Giant salamanders. Included in this family are the giant salamander (Megalobatrachus japonicus) of Japan and the hellbender (Cryptobranchus alleganiensis) of North America. The hellbender, which inhabits rivers and streams, can reach a length of more than 25 inches (64 cm).
Mole salamanders. Members of this family are found throughout North America. Included in this family are the marbled salamander of the eastern half of the United States and the axolotl. The marbled salamander (Ambystoma opacum) is black with white or grayish markings; it grows to about 5 inches (13 cm).
Fire salamanders and newts. The fire salamanders arc found in Europe and arc of the genus Salamandra.
Amphiumas. There are only two species, found in the southeastern United States. One species (Amphiuma means) grows up to 36 inches (90 cm), the other (A. tridactylum) to about 40 inches (1 m).
Lungless salamanders. It is the largest family, with 180 species. All but two species are found in the Western Hemisphere; the two exceptions are European. Members of this family are from 1 1/2 to 8 1/2 inches (4 to 22 cm) long. Included in this family is the red-backed salamander (Plethodon cinereus).The red salamander has no lungs, but breathes through its skin and mouth tissue.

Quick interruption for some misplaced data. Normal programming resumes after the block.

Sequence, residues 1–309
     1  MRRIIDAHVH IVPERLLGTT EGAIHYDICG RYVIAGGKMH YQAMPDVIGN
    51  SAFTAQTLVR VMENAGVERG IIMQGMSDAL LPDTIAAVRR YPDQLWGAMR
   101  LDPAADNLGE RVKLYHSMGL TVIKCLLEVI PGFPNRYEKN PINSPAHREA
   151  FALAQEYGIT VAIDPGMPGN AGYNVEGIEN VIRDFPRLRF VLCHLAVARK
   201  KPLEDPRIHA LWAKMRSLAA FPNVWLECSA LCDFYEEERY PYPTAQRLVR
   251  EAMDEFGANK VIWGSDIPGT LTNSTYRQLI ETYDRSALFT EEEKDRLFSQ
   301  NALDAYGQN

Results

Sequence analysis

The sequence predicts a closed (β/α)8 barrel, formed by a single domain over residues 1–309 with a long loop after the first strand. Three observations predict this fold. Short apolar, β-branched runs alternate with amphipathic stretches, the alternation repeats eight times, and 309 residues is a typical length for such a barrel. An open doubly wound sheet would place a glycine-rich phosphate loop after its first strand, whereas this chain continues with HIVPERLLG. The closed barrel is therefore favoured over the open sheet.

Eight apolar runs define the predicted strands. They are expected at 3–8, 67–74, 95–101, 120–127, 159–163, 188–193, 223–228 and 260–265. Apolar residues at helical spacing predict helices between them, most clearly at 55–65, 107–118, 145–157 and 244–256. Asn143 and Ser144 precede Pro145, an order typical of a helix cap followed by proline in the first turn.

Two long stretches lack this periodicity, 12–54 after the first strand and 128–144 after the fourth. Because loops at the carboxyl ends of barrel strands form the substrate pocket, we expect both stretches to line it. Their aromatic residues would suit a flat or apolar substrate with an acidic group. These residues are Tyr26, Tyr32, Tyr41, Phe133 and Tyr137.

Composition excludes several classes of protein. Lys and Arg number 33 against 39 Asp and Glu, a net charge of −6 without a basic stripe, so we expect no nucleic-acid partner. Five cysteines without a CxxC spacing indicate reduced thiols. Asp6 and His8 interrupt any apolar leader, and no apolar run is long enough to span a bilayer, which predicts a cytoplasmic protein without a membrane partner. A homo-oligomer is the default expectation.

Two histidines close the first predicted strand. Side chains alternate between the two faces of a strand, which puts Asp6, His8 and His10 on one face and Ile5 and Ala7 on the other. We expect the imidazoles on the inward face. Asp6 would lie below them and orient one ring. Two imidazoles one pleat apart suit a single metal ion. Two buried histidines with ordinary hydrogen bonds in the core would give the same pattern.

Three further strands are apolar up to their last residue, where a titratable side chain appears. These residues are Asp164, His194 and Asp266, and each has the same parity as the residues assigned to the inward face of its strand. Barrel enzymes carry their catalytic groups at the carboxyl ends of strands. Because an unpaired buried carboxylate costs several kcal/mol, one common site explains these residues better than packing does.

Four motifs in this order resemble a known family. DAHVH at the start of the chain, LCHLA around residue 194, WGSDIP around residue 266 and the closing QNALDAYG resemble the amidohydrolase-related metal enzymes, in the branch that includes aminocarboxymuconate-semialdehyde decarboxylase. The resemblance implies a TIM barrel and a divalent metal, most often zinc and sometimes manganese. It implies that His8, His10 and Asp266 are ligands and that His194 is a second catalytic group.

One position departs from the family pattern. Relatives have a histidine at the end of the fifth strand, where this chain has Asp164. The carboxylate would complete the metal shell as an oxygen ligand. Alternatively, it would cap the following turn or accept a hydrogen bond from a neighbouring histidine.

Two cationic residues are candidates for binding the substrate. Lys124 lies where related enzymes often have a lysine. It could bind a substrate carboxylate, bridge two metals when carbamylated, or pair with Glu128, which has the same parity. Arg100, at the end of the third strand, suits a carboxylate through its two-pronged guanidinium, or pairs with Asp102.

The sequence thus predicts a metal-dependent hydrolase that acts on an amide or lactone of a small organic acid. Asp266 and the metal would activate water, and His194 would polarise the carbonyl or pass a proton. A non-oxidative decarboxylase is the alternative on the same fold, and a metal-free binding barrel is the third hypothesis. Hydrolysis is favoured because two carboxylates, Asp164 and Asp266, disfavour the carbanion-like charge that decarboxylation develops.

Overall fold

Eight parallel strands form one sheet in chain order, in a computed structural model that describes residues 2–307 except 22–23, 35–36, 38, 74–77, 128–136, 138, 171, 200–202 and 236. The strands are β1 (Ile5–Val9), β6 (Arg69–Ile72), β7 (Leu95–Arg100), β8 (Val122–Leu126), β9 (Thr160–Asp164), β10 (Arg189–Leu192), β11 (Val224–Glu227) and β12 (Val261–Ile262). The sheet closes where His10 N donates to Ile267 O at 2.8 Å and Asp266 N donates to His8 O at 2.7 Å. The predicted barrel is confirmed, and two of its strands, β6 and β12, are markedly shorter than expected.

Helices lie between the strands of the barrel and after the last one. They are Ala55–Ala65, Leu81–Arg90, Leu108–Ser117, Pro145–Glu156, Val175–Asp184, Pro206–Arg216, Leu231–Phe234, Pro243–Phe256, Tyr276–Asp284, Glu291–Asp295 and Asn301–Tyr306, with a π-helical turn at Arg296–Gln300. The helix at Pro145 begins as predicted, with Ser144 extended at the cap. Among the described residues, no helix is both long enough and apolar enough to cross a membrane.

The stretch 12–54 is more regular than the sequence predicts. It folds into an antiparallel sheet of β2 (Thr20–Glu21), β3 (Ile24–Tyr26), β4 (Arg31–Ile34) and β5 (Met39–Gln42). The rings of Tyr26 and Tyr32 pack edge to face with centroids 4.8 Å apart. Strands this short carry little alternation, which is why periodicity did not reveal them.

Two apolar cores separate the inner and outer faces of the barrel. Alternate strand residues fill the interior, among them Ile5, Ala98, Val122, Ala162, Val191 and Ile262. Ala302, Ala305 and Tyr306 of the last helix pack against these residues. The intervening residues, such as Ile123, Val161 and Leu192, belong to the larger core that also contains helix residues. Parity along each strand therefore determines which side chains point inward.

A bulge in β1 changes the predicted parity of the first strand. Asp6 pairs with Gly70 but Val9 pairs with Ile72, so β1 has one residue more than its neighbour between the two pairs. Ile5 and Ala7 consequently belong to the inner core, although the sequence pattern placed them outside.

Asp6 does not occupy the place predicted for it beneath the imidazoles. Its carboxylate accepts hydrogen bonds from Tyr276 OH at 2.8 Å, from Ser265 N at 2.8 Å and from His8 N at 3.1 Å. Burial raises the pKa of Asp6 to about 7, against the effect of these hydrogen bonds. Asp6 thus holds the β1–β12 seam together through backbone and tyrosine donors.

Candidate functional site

Olm and mud puppies. The olm (Proteus anguinus), found in Croatia and Montenegro, is a white salamander that reaches a length of about 12 inches (30 cm).
Sirens. The three species in this family are also permanently larval forms. They are the only salamanders without hind limbs. All three are aquatic and are found in the eastern United States.
Salamanders are quiet creatures. They don’t have a mating call. So when a male salamander finds a female he wants to mate with, he does a dance. The male salamander waves his tail back and forth in front of the female, and he sends chemical signals her way. If she likes him, she joins the dance.